Tips to onboard a virtual assistant or remote worker

In this episode we talk to Tiffany Elsner of Northwild Leadership about working in a virtual space and how to onboard a virtual assistant or a remote worker. With the rise of COVID19 cases and more and more cities clamping down on social distancing policies, it is a relevant time to talk about having to work with remote teams.

Now is a good time to lay down the foundations that we talk about so that when the economy revives and you are busy, you'll have had the infrastructure in place.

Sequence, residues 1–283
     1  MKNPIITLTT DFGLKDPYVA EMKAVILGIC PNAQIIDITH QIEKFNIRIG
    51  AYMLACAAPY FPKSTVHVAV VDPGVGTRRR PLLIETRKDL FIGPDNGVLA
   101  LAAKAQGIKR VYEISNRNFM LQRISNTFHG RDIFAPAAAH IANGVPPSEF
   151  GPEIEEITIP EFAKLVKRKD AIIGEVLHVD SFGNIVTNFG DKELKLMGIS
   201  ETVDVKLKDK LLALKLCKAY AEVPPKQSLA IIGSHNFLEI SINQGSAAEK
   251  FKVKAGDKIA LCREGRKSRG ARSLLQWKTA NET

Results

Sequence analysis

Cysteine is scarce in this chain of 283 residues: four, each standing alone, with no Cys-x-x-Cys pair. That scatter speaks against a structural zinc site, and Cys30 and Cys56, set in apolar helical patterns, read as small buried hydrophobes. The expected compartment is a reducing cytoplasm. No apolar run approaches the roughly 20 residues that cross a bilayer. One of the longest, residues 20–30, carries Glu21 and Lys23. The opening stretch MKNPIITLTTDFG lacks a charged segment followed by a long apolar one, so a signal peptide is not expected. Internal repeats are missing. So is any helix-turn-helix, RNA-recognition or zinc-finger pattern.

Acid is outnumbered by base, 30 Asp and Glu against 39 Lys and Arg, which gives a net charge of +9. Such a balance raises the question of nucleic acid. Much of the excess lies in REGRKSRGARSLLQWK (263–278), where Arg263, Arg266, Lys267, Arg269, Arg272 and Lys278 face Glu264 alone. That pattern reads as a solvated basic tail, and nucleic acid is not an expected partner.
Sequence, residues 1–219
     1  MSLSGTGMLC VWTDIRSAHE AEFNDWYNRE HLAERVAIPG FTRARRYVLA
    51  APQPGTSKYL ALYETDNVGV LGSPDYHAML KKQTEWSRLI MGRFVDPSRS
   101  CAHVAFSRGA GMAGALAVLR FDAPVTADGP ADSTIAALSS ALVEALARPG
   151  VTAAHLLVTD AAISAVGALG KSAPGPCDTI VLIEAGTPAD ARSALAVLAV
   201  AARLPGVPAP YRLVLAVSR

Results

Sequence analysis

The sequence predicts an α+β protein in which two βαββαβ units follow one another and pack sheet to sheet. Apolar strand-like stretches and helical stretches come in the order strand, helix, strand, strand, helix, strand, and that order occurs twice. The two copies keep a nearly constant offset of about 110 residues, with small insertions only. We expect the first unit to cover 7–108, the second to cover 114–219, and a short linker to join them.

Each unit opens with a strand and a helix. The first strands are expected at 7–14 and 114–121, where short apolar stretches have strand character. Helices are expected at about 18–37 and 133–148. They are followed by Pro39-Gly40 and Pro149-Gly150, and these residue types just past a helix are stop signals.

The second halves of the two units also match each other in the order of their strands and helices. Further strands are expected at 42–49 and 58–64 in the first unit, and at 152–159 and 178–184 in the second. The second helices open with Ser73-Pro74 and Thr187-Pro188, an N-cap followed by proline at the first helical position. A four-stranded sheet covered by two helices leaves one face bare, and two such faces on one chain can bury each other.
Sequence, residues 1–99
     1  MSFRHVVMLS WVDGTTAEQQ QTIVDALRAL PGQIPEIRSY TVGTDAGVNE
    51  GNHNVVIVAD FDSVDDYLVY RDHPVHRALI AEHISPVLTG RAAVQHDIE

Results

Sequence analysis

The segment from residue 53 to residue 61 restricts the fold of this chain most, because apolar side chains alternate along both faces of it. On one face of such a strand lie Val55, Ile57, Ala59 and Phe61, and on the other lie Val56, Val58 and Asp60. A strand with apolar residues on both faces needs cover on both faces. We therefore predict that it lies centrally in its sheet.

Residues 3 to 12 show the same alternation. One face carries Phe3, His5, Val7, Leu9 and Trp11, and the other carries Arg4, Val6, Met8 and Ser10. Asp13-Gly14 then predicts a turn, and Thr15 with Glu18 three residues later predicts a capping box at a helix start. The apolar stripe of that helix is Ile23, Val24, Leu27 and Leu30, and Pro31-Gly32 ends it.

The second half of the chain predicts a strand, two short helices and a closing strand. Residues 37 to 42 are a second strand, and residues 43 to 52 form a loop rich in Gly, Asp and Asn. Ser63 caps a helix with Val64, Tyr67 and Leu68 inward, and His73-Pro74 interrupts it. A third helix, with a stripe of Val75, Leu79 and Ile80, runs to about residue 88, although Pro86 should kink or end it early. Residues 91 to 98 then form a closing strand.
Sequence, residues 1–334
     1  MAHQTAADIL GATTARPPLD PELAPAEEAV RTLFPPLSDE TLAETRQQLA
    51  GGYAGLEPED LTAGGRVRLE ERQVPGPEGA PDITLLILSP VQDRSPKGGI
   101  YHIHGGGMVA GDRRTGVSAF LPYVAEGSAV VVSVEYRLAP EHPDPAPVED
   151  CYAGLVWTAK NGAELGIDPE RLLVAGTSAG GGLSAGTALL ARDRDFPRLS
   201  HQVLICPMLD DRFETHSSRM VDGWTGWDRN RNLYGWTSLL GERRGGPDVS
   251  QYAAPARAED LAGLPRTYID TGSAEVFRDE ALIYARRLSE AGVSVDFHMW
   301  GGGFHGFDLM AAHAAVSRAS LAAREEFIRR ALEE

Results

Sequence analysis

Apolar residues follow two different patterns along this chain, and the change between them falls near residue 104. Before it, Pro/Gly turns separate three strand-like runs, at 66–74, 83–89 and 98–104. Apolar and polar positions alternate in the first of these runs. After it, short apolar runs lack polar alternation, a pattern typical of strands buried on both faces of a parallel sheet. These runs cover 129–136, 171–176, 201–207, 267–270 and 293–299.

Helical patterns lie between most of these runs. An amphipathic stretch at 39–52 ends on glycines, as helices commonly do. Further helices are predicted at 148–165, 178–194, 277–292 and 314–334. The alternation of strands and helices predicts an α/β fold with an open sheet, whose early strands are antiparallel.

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Justin Lam 0:05 You want to find your tribe of raving fans. I'm gonna help you do it. This is the Digging Deep podcast with Three Sixty Media, where we help you do better business. Hey, everybody, this is Justin Lam. And this is Episode Seven of digging deep. And we're here with an amazing person, a client of ours, but also a very good friend. She has been the leader of the Year for the Fairmont group in 2015. And she is well she was on her way to work remotely for one full year, all around the world. And that got cut short because well the virus has taken us all over. But so she went to Santiago and then they had to suspend it and she sent it back to Vancouver. So for the time being, I have the luxury of having my good friend Tiffany Elsner here from Northwild Leadership Tiffany How are things? Tiffany Elsner 1:02 Whoo, what a time to be alive, just they are going, I think, wildly. And I think that's, that's a big part of even my brand is is is finding the beauty and the fun and the connection in the wild, right? It's with the with the virus spreading all over the world. A lot of small businesses, including myself are going through a time of turmoil and an opportunity is arising right for us to find out how we can serve and how we can be of value to each other during this time. Justin Lam 1:41 Yeah, for you working remotely was was really interesting. I mean, it comes at a really perfect time because like your whole objective was to be able to help teams and leadership groups to be able to work remotely with teams and help foster a good environment and so It's funny that, like you, you're on this tour, and all of a sudden you get cut off. But But how does that work now? Like, like, what is going to happen? And you know, what are you guys doing as yo your cohort in order to just kind of keep fostering that? Tiffany Elsner 2:17 Yeah, that's a great question. So some context is, there's 25 of us that were traveling the world for one month each for a different country each month. And here we are now sent back to our home countries or going there freely back to our home countries. And now we're all disconnected, but at the same time, very connected. So we're using all sorts of methods like zoom and slack to watch out for each other send videos, send messages of hope, and just help each other. Right. That's one of the biggest things is really being there for each other. Everybody has different talents and skills and it was really an To see some people step up, and you know, oh, I I know I have some experience in trying to get back insurance claims Oh, I have some experience in trying to find flights that are really hard to find. And out of the woodwork came all of these individuals who just had these hidden talents or resources and we're able to share them and that I think, has been the biggest driver of connection is just that giving philosophy Justin Lam 3:26 and so when you're with that, like how does that say go back towards teams that like if you're say, because you train you train leadership teams, right? And you're training them? Do you train them remotely? Or do you train them in person generally, Tiffany Elsner 3:45 I eat the shift I train them in person. Um, but now that I'm virtual and remote team, we create orientation on onboarding and leadership programs all online Justin Lam 3:55 raising and so when you're teaching them to do that was one of the key fundamentals that you have to instill with a leadership team in order for that to be successful. Tiffany Elsner 4:05 The biggest is a mindset. Right. And for some, it comes more naturally. And for others, I think it still can be learned. But it's that mindset of a leader does not always lead from the front, right? The leader sometimes is from the middle, sometimes from the back, right. And actually, leadership is not always taking charge, but sometimes that is supporting others to shine and others to be able to use their talents. The biggest thing is, you know, a leader who tries to be all the things to all people all the time, whereas a true leader understands that other people have the capacity and the talents to shine. And so what that means is sometimes the leader is actually going to say giving their power because power is a more of an abstract thing, but they they give the opportunity or the platform or the space For others to contribute, and it's just amazing what shines, right. And it's the same thing with the dynamic for the group that I was in. We have a program leader who was helping us. But really, she's phenomenal. But a big part of it was her letting other people step in and realize that she doesn't have to do everything all the time that we're all creative and resourceful individuals. And a big part of that was nurturing the environment where we all want to step in and help each other. Justin Lam 5:33 Yeah, and that's, that's really important, like here at the studio. That's something that we really do believe in is it's not really trial by fire, but it's giving the people the ability to think and to critically think for us. I think one of the things that I believe in is when you're micromanaging and you're delegating everything, people turn off the critical thinking tasks. And they just become robots and they just do what you want. And then all of a sudden when you need them to critically think they don't they just they don't exercise the muscle. Do you find that that's a thing in your, you know, training in, in your belief system that, you know, it's about empowerment? Tiffany Elsner 6:18 Absolutely. I love that metaphor, Justin is it's a muscle that needs to be exercised. Right. So, you know, it really is interesting, because I've seen it with businesses that don't develop their leaders. And so they micromanage to the point where you have like you said, robots, and then when the time comes for everybody to need to be creative and step in and find their own leadership, that muscle hasn't been exercised. On the flip side, constant empowerment and whatever form that looks like, is really important. creatively, and I'll give you an example even from my own business is that We do things like creative weekly, and we actually allocate time for each of us to do creative pursuits that have nothing to do with the business. And quite a number of tech companies do something similar, more so with their, with their trying to find more development opportunities, but for this is I allocate time on the payroll for us to just be creative. And so that way, they're not always thinking about task check, task check, task check. But now that mindset is when I have the opportunity to create what other things are coming out of the woodwork and then we talk about that. Right. So whether it's, I decided to do a painting class or he decided to do like a cooking, you know, fun exercise. What did we learn from it, and how can that be applied to the business as always the cool bridge? Justin Lam 7:54 That's interesting. I think that's a really, really interesting way to integrate creativity. And I mean, would you say that in the real in the real world that's sort of like team building exercises? Or, you know, are you would you would you liken it to like, people doing their own thing outside of, of the team environment? You know, and then coming back with with that experience and in that refreshed brain, or do you feel like it's, you can foster the same in person when you're when you're having a group and like, you go out to do some sort of team building exercise where, you know, it's not necessarily mindless, like you're not bowling or something, but something that that constructively requires them to, to critically think and work cohesively as a team. Is that similar? Tiffany Elsner 8:45 I would say it's more of the latter. So it is more of an individual exercise. I have nothing against team building exercises, but I do think somehow, sometimes when they're executed, it actually serves against the purpose. When people feel like they're forced to do something, especially with the people that they are working with all the time, the reason that I chose this particular exercise of allowing time on the payroll to go and do something creative, whatever they choose, is that idea is everybody has that creativity inside of them, you know, there's tons of people who'll be like, Oh, I'm not creative. give them space and time. And you'd be astounded by what happens. And really, it's it's fascinating what they choose and how much you learn about them. That actually strengthens the relationship in the business. For example, I have a teammate who's learning another language and so every, you know, they do it more than just the time that I allocate. But that was that kind of lead in to start learning a language because, okay, we'll have time to do something interesting. And then we talk about what did you learn like what are we learning as you Learn that language. What does that have to do with business? What does it have to do with marketing? What does that have to do with growth? And there's a lot of lessons that, that bridge over. The key for me and as I do my Master's in transformational learning, is, quite often learning happens when we're not focused strictly on the learning. That's why we do this exercise of creativity. Quite often, when it's too forced, like I'm sitting you down in a classroom, and you're gonna learn, the majority of the learning happens, actually, when it's applied and experienced. And so without explicitly saying it, this exercise of creativity is their learning. They just don't realize that they're learning until we talk about it. Justin Lam 10:46 Yeah. And you know what, it's funny because children are the same. And, and I liken it to that everybody feels like especially now this is really relevant for anybody who has children at home, but when your children are at home Parents have this innate need that they feel like they have to keep the kids occupied at all times. And whether that means that they put them in front of the boob tube, like the television, or they're trying to do an activity or make them, you know, do do stimulating things. What they forget is that letting children be bored, prompts them to be creative, like so. So here's a case in point like we have Val here, because now the daycares are closed. And, of course, we didn't really want to put her out there. Now that it's getting really widespread, so, you know, she's there, and we structured a part of her day where, you know, we do have some exercises and stuff like that, that, you know, relate to learning, but then we give her time to be bored. And of course, the first five or six minutes of that boredom type is she's clinging on to us. She's wanting us to engage in her she wants us to play and, you know, we've now made it up. Where we tried to ignore it and force her to go on her own to do things. And it is really amazing because that creativity all of a sudden exists, she will tell you that she's bored. And I imagine that that's the same as a person saying, I'm not creative. But at the same token, you leave it for a little bit, and their mind goes, Well, they're not going to engage, I might as well do something and they go, and, you know, she'll go draw, or she'll make an arts and crafts or should go play and use toys or whatever it might be. But I think that creativity sparks out of when your brain gets a moment to breathe and isn't constantly stimulated. Would you agree? Tiffany Elsner 12:40 Absolutely. Because think about it. And I even think about my own life, you know, as an entrepreneur and a traveler and a girlfriend and a daughter and like all of these roles that you're like, filling all the time. Wouldn't you actually sit like, even when we're in the grocery stores, we're on our phones. When we're in the doctor's office. We're on our phones and My phone died like a few weeks ago. You know, just because I didn't charge it. But just standing there looking up being like, Justin Lam 13:11 SKY! Tiffany Elsner 13:13 And it's amazing how much comes when your mind isn't occupied about a specific thing, right to let our minds wander and explore. And I mean, a lot of people do that with meditation or yoga practices. But the reality is that's not accessible at all levels right away. It takes a lot of work sometimes to access this. But there's simple ways, like I said, you know, tapping into something that somebody's like, Ooh, this is a creative, fun exercise that does the same thing without having to sit there trying to be like, I'm focusing and focusing and focusing. It's, you know, it's it's different ways to achieve a very similar result of tapping into you know, what, what's going on in your mind on a bigger level. Justin Lam 13:59 Hmm Okay that's really interesting, I think, I think people who are listening to this will find that quite a useful, useful piece. So why don't we turn our attention to working remotely. So this is an interesting thing. And this is something you've been been working on for quite some time to get your business to be able to, to weather, things like this, where you are not able to be in person. So, you know, what are the things that you put into place for your business in order for you to be able to do that and function and make sure that the clients that you serve are supported? Tiffany Elsner 14:33 Yeah, I mean, it was a very interesting road to actually transition. A big part of that was even while I was serving local clients was to start using all of the tools. So as you're familiar, zoom is a great one. slack is great, you know, some companies use things like Basecamp. But the important thing is even before your remote is to start using those tools. Already. You People who work in offices who already use these types of communication structures, because I've been experiencing it like as I see universities, all of a sudden flailing because they do not know how to teach online. I've been talking to, I met some university students who were studying abroad in Chile. And as that transition happened like this, they were appalled at how people, you know, their professors or the administration had no idea how to structure things virtually, which is kind of surprising, considering that this technology has been available and a lot of it free. So the fact that there hasn't been kind of that progression into at least learning about it, even if they're not teaching virtually. So this is been a very fascinating way to see which businesses have prepared for the fact that virtual work and virtual learning is becoming a thing versus those who perhaps were resistant to it have learned very quickly through, I guess trial and error, what it means to set that up. But Justin Lam 16:11 So just a quick thing, because I've got a thought in my head. But when I say a person from a university does maybe see this podcast, is Northwild Leadership geared to help a university trained and get their things online, like, are you able to help implement some structure and or infrastructure for them to then take their courses online? Or is that out of scope for you? Tiffany Elsner 16:39 Absolutely, um, this is an opportunity that we haven't seen before, right? There's a lot of online learning forums and platforms. I've even been the student of several online. And what I've learned from both aspects is what works and what doesn't, in terms of learning retention, and I'll circle back to what matters masters is, is my master's program is entirely virtual. And the beauty of that is really understanding how do we create experience when you're not together? And so we focus on both for businesses and educational institutes is how does that learning happen? Obviously, it's slightly different for the corporate world. But the more that I dive into the work with my professors, I'm able to use those same principles and apply them to, you know, education, that that rapidly needs it right now. Right. It's how do we create that infrastructure? And the funny thing is, it's it's not as difficult as it needs to be. And that's the that's the interesting thing is sometimes this just keep it simple. Right? Justin Lam 17:48 Yeah, I think a lot of people try to overcomplicate things. And even I think, as more and more business owners are starting to move to zoom, as a platform just to kind of engage in people. I I see that there's such a steep learning curve. And there's such a resistance like, because it's new, and you know, we all resist things that are new and unfamiliar. But but that resistance is there. And I think when you're uncomfortable and out of your element, it really does show but I think, you know, for me, now that we've done this podcast a few times, I'm getting more and more comfortable being in front of a camera, looking straight into the lens. I mean, usually I'm behind the camera, and it's a little bit different, but this time, you know, like, being in front of a person and asking more perfect questions. Things that are more relevant and having better dialogue is has really come a long way. And I think it's one of those things, it's like another muscle it's, we have to practice it. So I mean, hopefully that this helps a lot of people in being locked out and getting into this because I think as the world moves into video, and more of a digital environment like this is a really invaluable skill. To have? Tiffany Elsner 19:02 Absolutely. Justin Lam 19:03 So that for you, I know that you have a virtual assistant much like I do as well as like in house staff for me, but like you're because it's completely virtual and you're going to go abroad and we help you in the backend with marketing as well. Can you talk about how that structure works with you in a virtual assistant? Because I think people are often curious about what virtual assistants do and how you can transition that information and you know, get them on board, because I think that's the hardest part of this entire journey, right? Mm hmm. Tiffany Elsner 19:42 I would say that the onboarding process for us was probably simpler than many because I went for a company belay that actually provides VA is all over and so they actually have a system already, where I could come in As their client, and I was walked through it, so there was, first of all was really great was once I was matched is a an interview between me my VA and I would call him like the Engagement Manager. So to basically facilitate that, because that's so important was the fit, right? So it wasn't they just chose a VA for me. I was part of that process. Another big part of the onboarding process was making sure that the skills match. So somebody can be phenomenal as a person, but if their skills don't match what you're looking for, and so there were some resumes that were outstanding, but didn't include what I needed, right. And so like, for example, I have a bookkeeper and accountant. I don't need somebody who's going to excel at that because that's not something I want the VA for. Another one was, this is a big one. For me, it's personality fit, because I don't want somebody who's just attached rabbitt although my VA I, we call him the task Ninja, I was looking for somebody that we can send random gifts towards each other that I care about their life, they care about mine. Because we've been through a lot of ups and downs as individuals and to understand that was also really important that we don't work in a silo because that's not how I want this relationship to be. And as I grow my team, that's not how I want to be structured either. One of the really important things is weekly contact. life gets crazy. And sometimes both one or both of us are like, Oh, I kind of want to cancel our check ins. But our check ins are so important. This allows us to keep grounded as well as to say things that might not necessarily be on our project management system, because there's a lot that happens in between the tasks and going back to the creative realm. That's when we bounce ideas off each other and really grow into what some of these things are. A really big thing is as important as it is to map out the project, we take it step by step, because quite often you'll take a couple steps and stumble and be like, oh, that wasn't quite the right fit. So you pivot. And so it's good to have that overarching but those weekly calls allow us to troubleshoot and become, you know, be more agile to to what we're doing, because as we are helping our clients, we are also growing as a business. Justin Lam 22:30 Yeah, absolutely. And I think, you know, just to recap that for for people, it's really about not only getting a person who is a virtual assistant, but it is about fit, it's, at the end of the day, you're still building a team, you know, it might not be in house or in your office, but you know, they're an extension of you. And if they're not thinking of it on the same page, they have different core values, different belief systems, they conduct their work as such, and I think That's a big part of company culture. And I think that's where a lot of people fail with virtual assistants because they try to look for the cheapest dollar value. And that might not necessarily be the best bang for your buck. I mean, people are going to Fiverr or they're going to Upwork and they're trying to find these people who don't necessarily have that same mindset. They're just scrambling or they're just trying to feed, pay the bills, and they don't really care. And when you're hiring somebody like that, the frustration comes because you want them to perform at this level, but their capacity is only at this level, because you know, they they charging a lower amount for sometimes for an obvious reason. But that skill set differences is really can be really huge. And so in the interview process when you when you went through with your virtual assistant, like how much in depth video did you have to go through Like, what did you prepare for that person to understand or to know that that was going to be the right fit for you? And did you have to go through one or two of them to find the right one for you? Tiffany Elsner 24:12 for this specific placement, because I had somebody else looking at my qualifications, they were already weeding out quite a few of them. But as we met on the interview, he was the first one I interviewed, but it was it was a really good fit right away, but was really nice was that option of like, even he said, and even, you know, the, the engagement manager said, if it's not the right fit, we will find it and there's no hard feelings here. And that's what's really important to know, is like, you know, as humans, we're like, I don't want to offend them, but it's okay if it's not a right fit. And the other part is, is that continued continued communication forever. I look at it as I'm not a boss, and you know, VA, but rather we're working together and our calls and with what would you like to see more of? Or what could I do differently from both of us? Because just because I'm the one paying the VA doesn't mean that I like you know, you know, and it's creating that relationship where communication is open, because, and we laugh about it, but he can, he can provide me honest feedback being like, I need, you know, you to post this more frequently, or I need this. And vice versa. You know, I'm like, I'll need I need this from you. And there's no hard feelings because we know we're coming from a place of growing together. And that's what I think is so important. But if that's not established right off the bat, and that was something that was very clear in the interview process to me, if somebody wasn't willing to say no, or to speak up, that wasn't somebody I wanted to work with. Justin Lam 26:00 That's really good. We had similar, you know, the onboarding process, because our current VA is not the first one, I think she's number three or four over the course of the last few years. But I think one thing that people need to do, especially as you're developing your relationship, is to create a standard operating procedure and keep updating it as, as you evolve, as you find like, ways to be more efficient with your VA. I think a lot of people forget, and then they just leave it up here. And that's not a really good place to be. Because we assume that, you know, in our hearts, we hope that that VA is forever, especially if you find the right one. But the reality is, is people's lives change. And so the the circumstances of which you know, you have to work and so sometimes the VA will have to disappear or be off your radar and then you feel like you have to start all over again. And if you have the proper onboarding process, and you've documented that stuff and you're updating it constantly as you evolve, that makes the transition easier for if you're going to find another person. So, you know, that's something for people to take away. Tiffany Elsner 27:11 That is a great point, Justin. And I would say that that's word of advice for companies period, right? Whether it's a VA or not. And this is actually a lead into what I do as a business. because quite often, when you're a small business, when you onboard, somebody, you're just going by this, you're flying by the seat of your pants, right? It's okay, I'm gonna onboard them. And then the next one joins, and then we're a team of seven and the mate. And you're just kind of doing it as you go along. And maybe you're learning some things. But how are you actually creating a standard operating procedure? Right? Are there things that everybody needs to go through? Because when you get to employee number 10 Oh, I forgot to get them their login credentials. Oh, I didn't order them a uniform or whatever may happen. You and things start to get lost in the shuffle. And when you've spent so long looking for great people who are culture fit talent and you know, have that growth capacity. And then they're like, oh, clearly this business doesn't care about me enough to actually have a nice smooth onboarding process. It's starting the relationship off on the wrong foot. And you as a business owner are sacrificing so much of your investment by not having a really smooth orientation and onboarding to the company. Justin Lam 28:35 Yeah, it's not only the investments, the financial outlay that comes with it, because your onboarding process now longer. And the lead time for that person to get up to speed is, is is way, way more convoluted than it needs to be. And so one of the things that I wanted to see what your opinion was, I personally feel like people should put their onboarding documents into something like Google Documents where it can be changed. It can be indexed and searched quite easily in a shared so people can can search it. I know some people are really big fans of printed documents. But I'm a fan of the virtual one because it's easier to find an index and change and be nimble. Whereas thumbing through stuff means that you have to print it every time that you make a change with it. What are your thoughts on that? Tiffany Elsner 29:29 I would lean towards virtual obviously, because I work with remote and virtual companies. And yeah, something like a simple and free like Google sheets or Google Docs, works wonders. It's amazing how much And again, if you're, if you're a small business, and you're trying to stay low overhead and agile, Google, Google has so many things available. And I would say keep it simple, right, like as you said, a simple word doc takes one second to open up and just start Clicking the other part that depending on what your business structure is, the other part that's beautiful about it is that constant editing, availability from from many different sources and then also to be able to track who's done what in case, you need to go back to back a little bit. Tiffany Elsner 30:19 Yes. My one thing would be is, yes, you can edit the Google Docs, but make sure you save different versions of them as you go along in case you make lots of changes. It is kind of nice to say, oh, what was what did we do five months ago versus what are we doing now in case you want to actually pull some of that information back? But again, very easy to duplicate and archive? Justin Lam 30:43 No, that's a very interesting tip. I think that's a that's something that I can I can learn from. I think that's something that we don't necessarily implemented when we have the Google Docs of onboarding, but it is just ever evolving. And remember, she thought about snapshotting it and As a v1, maybe something to do every quarter or every year to get a different snapshot, but that's a that's an interesting take on it. Cool. And so what what now like in this environment where everything is, is virtual? What What is the outlook for your particular business at this point? Tiffany Elsner 31:26 That's a hard question. Um, I am just as uncertain as many other businesses is, you're familiar. Although I am virtual, a number of my businesses are not entirely virtual. And so they've been cutting staff, a lot of people losing work right now. And so of course, this may seem like a luxury for some. And at the same time, my business because it's virtual and small team is able to pivot and one of the things that we've pivoted to is to help existing businesses who are not necessarily growing but who are moving to remote work. And so, initially, you know, in the last few months, it was really focusing on how do we grow teams that are going virtual bigger. Now it's, well, clearly there's a market need for all of these businesses who were meeting in offices, even small like nonprofits, corporations, or even the ones that work in CO working spaces, just offices have four or five people. How do we move that entirely remote? And for some, it's a massive transition. And for some, it's, you know, especially if they had flex work policies or are smaller, but now it's creating and the structures for these businesses, how do they continue learning and how do we continue developing their cultures that are strong, regardless, and so it's a lesson for general business as well as for my company. It's how do we look at the market and see how best can we serve with our Existing talents and ours, our existing structures. Justin Lam 33:03 Amazing. And for a person who wants to find out more information they can find you at Northwild amazing. So thank you so much. I think this is really amazing. And really excited to share this podcast with people. I think it's really relevant. I think a lot of people are gonna find tremendous value and if they're looking for people to work remotely and or onboard virtual assistants, or to find ways to transition, you know, their existing business into a more virtual space and be able to still onboard a team. I think that that's a lot of the things that people are keeping in their mind right now. So it's bright future ahead and right now laying out that groundwork is going to be tremendous for you. And Tiffany Elsner 33:57 I was going to say that, just keep coming. supporting each other community compassion. That's what we need, not only as businesses but as individuals. So thank you for the opportunity to to share and connect further. Justin Lam 34:09 Yeah, appreciate it. Thank you for your time. All right, everybody, thank you so much. If you guys found value in this, please feel free to like hit that subscribe button because everybody who subscribes really justice just helps the algorithm. My goal is to help 1000 business owners move the needle in any way shape or possible and help you impact the communities that you serve. So I hope you guys found value in this. You can find this on Spotify, if you're watching it on YouTube. And if you're on Spotify, you can go to our YouTube channel And be able to find these videos. Thank you very much, and Tiffany. I look forward to doing another podcast with you in the future. Thanks